— The Iron Woman • Margaret Deland

... had an autumnal chill about it that made the camp-fire comforting. At the end of sixty-two miles the walls broke up into buttes and pinnacles, thousands of them, suggesting immense organs, cathedrals, and almost anything the imagination pictured. One resembling a mighty cross lying down was in consequence called the "Butte of the Cross."* This was practically the end of Labyrinth Canyon, and sweeping around a beautiful bend, where the rocks again began to come together, we were in the beginning of the next canyon of the series, two years before named Stillwater. ...
— The Romance of the Colorado River • Frederick S. Dellenbaugh

... the error of the planimeter is less than 0.1 per cent. and that of the integraph about 0.5 per cent. Obviously we could make this error much less if we excluded small areas measured with large polar distances, or such polar distances that the cross bar must be shifted. Excluding such cases, we see that the accuracy of the integraph scarcely falls behind that of the planimeter and is quite efficient for practical purposes. It must be borne in mind ...
— Scientific American Supplement, No. 794, March 21, 1891 • Various

... of stating what is the truth.' ... We may take it that very soon we shall see that which may appear strange to English lawyers, but really is most reasonable—the accused stepping out of the dock into the witness-box, and giving his evidence, subject to the ordeal of cross-examination. It may be a bad look-out for rogues, but ...
— Punch, Or the London Charivari, Volume 101, November 21, 1891 • Various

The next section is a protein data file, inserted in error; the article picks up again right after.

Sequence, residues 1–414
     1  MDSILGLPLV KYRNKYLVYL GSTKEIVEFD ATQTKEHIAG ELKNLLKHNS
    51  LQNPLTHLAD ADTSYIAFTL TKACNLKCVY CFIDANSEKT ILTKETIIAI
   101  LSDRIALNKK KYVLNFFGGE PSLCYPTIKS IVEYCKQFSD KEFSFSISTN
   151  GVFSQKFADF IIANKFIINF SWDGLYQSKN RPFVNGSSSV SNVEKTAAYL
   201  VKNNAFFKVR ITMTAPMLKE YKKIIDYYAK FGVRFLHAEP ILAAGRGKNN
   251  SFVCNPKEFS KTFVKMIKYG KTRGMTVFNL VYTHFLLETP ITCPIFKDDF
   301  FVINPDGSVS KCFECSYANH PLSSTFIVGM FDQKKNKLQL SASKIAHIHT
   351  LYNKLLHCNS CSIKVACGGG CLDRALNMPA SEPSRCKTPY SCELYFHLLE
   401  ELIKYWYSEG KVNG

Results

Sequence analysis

... cherubs twain, whom watching has made wise, A spell has fallen—a prophetic dream; Their upward-gazing and far-seeing eyes, Like stars reflected in a tranquil stream, To look beyond the Child and Mother seem; A twisted thorn-branch and a cross to them Are manifest—His throne ...
— A Christmas Faggot • Alfred Gurney

... men had cut a rent in the ice, and laid snow over it, so that nobody could see it. When Gregorius came to the ice on the river the ice appeared to him unsound, he said; and he advised the people to go to the bridge, which was close by, to cross the river. The bonde-troops replied, that they did not know why he should be afraid to go across the ice to attack so few people as Hakon had, and the ice was good enough. Gregorius said it was seldom necessary to encourage ...
— Heimskringla - The Chronicle of the Kings of Norway • Snorri Sturluson

... he rode with her towards Rumili Kavak, and presently, returning, to the four cross-roads at the mouth of the Valley of Roses. A Turkish youth was standing there. Mrs. Clarke spoke to him in Turkish and he replied. She turned to ...
— In the Wilderness • Robert Hichens

... whom one can discuss private and personal matters. "No," said Akaky Akakiyevich, "it is impossible to reason with Petrovich now. He is that—evidently, his wife has been beating him. I'd better go to him on Sunday morning. After Saturday night he will be a little cross-eyed and sleepy, for he will want to get drunk, and his wife won't give him any money, and at such a time, a ten-kopek piece in his hand will—he will become more fit to reason with, and then the cloak and that—" Thus argued ...
— Best Russian Short Stories • Various

... northern counties, which, with few exceptions, were soon under the control of the insurgents. An attempt was made upon the southern parts of Scotland, by sending Brigadier Mackintosh, with a strong detachment of men, to cross the Firth of Forth, and to land in the Lothians, there expecting to be joined by friends on the borders and from England. In the west, a rising of the south-country Scots, under the command of Lord Kenmure, was projected; whilst in Northumberland the English Jacobites, headed by Mr. Forster, ...